Saturday, December 3, 2016

Highlights of Milan

Welcome to Milano!  Today we met with David from Milan Day Tours for a private tour of the city. We started out at the Duomo di Milano.  David is part of the cool kids club so we were able to skip the line and head straight in to the beautiful cathedral.

So in Italy it is "normale" for things to move at a snail's pace but the time it took for the Milanese to make a decision on the facade of the Duomo has to be a record.  It took 400 years for the Milanese to decide on the facade and that was only after Napoleon gave them 4 years to make a decision!

The central door of the Duomo tells the story of Christianity. During WWII, Milan was severely damaged and the Duomo also suffered from the bombing. Evidence is shown in this panel from the central door.   The heart of Mary was hit by some of the shrapnel.

On two of the panels, you notice the shiny bronze from being rubbed by patrons.  The panel on the left is the last time Mary is able to hold the hand of her son before he is killed.  People that have lost a loved one often rub the hands in memory of the ones they have lost.  The panel on the right is a bit less sentimental.  Students of Milan will rub the legs of Jesus and his abuser as they prepare for exams as a way of saying "professor please stop the abuse"...a bit melodramatic of the students in my opinion to compare their exams to the same level of abuse Jesus suffered.

The marble used to build the church has a life expectancy of approximately 150 years as it is very soft. On a recent renovation, the face on the left was found to be in good condition but the one on the right had to be replaced. 

One of the most famous pieces of art in the Duomo is the sculpture of St. Bartholomew.  He was condemned to one of the cruelest forms of punishment known to man.  He was skinned alive and beheaded...often called Syrian Martyrdom. The statue shows him flayed and holding a bible.  

After the Duomo, we walked through The Galleria Vittorio Emanuele II.  Vittorio Emanuele II was the first king of the united Italy.  The Galleria is one of the oldest shopping malls in the world and today is filled with all the top Italian fashion brands.

Inside the Galleria there is the crest for the city of Milano as well as Turin (aka Torino). The crest for Turnin (the first capital of a united Italy) has become quite the tourist attraction as the bull was "gifted" and the earlier performers at La Scala (opera house) would come spin three times on him for good luck.  Today, tourists will spin three times...first for good luck, second for good fortune and third to return to Milano one day.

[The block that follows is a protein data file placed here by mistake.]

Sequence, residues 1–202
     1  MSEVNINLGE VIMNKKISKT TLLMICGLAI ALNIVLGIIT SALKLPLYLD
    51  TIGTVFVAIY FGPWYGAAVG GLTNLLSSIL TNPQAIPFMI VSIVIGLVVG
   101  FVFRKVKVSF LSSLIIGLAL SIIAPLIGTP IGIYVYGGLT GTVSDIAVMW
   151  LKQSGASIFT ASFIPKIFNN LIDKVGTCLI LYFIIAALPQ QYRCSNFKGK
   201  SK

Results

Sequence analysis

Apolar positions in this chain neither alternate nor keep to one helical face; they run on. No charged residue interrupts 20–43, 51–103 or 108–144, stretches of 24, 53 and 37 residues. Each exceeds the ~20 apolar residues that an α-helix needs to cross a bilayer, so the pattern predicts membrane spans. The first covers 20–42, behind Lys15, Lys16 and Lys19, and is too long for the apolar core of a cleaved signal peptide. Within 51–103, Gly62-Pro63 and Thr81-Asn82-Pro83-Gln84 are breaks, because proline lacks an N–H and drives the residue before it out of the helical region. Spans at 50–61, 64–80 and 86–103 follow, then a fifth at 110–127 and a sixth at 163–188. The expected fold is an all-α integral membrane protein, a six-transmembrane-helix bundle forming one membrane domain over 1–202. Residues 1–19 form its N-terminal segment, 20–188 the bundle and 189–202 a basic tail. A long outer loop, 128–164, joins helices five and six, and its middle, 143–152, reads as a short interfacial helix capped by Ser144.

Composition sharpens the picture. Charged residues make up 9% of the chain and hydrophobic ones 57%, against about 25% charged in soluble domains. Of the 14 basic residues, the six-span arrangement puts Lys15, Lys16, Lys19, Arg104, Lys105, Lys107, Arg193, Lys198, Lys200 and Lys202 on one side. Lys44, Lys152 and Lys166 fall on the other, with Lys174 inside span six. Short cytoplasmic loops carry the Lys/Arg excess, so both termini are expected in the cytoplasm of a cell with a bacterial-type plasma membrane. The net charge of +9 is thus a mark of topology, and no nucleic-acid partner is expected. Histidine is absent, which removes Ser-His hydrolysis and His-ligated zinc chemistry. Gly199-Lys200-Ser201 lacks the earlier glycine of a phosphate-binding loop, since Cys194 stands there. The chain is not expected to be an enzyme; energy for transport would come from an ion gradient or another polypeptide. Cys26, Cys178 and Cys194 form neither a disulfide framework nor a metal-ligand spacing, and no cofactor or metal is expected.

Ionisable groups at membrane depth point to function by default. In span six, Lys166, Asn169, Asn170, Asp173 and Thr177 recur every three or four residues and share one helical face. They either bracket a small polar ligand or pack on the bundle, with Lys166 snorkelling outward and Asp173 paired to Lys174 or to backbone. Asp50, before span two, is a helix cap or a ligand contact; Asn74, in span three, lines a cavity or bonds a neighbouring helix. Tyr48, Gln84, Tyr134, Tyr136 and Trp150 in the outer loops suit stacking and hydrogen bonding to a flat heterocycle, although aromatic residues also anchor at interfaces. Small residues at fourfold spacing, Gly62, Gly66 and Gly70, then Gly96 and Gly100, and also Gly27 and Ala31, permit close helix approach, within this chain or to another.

La Scala unfourtunately was not open for touring today as they were testing the lights which we believe means working on the lights...oh visit.

A nice walk through the artistic Brera district followed.  The Brera Academy is located here where students study fine arts and are surrounded by works of the masters for inspiration.  This section is also near the castle and back in the day is where the "ladies" the soldiers would visit lived.

Brera Academy Courtyard

Sforza Castle dates back to 1450. we were greeted by a musician playing Stand By Me...not exactly music of the medieval period.  

Our final stop of the tour was Leonardo da Vinci's Last Supper!  Due to the delicate nature of the painting, you are limited to only 15 minutes and each time slot has a maximum of 30 people.  I'm so glad we had David with us as he provided so much insight into the painting.  Getting tickets to the Last Supper is nearly impossible if you don't go through a tour company as most of the big companies buy up all the tickets as soon as they are available then sell them to the smaller companies like Milan Day Tours.  Or as David called the scheme...legalized black market.  I tried to book tickets for us three months ago and all the days we were in Milan were booked. Fortunately Elisa with Milan Day Tours was able to get us tickets and a great guide in David to boot!

It was clear David had spent a great deal of time studying the painting and had a passion for art as he had such amazing insight into the work.  Through his discussion, you felt like you were in the room when the event took place and could hear the actual conversations happening as Jesus said "one of you will betray me".  From his research, David learned that Leonardo only wanted to paint one moment of the evening of the Last Supper and chose that precise moment.  Honestly I believe if we had seen the painting on our own, I would not have the new appreciation I have for it and may have walked away feeling like I did when I saw the Mona Lisa.

Leonardo was commissioned by the monks to decorate the dining hall of the monastary and one of the monks suggested the Last Supper.  Leonardo choose paint as his medium for the masterpiece.  At the other end of the Refectory is a fresco by a famous Milanese painter, Donato da Montorfano.  The Crucifixion took far less time to complete than the Last Supper in spite of The Crucifixion being a fresco.  Typically frescoes take longer because only small amounts can be completed at a time but because of Leonardo's approach it took him much longer than Donato and it often frustrated the monks.  Leonardo would be absent for days at a time, come in and just look at the picture waiting for just the right light, make a stroke or two and then leave.

After our tour with David, we headed back over to the Duomo area for dinner on the square.  All in all a very fun day!  Tomorrow we head to Lake Como for the day.

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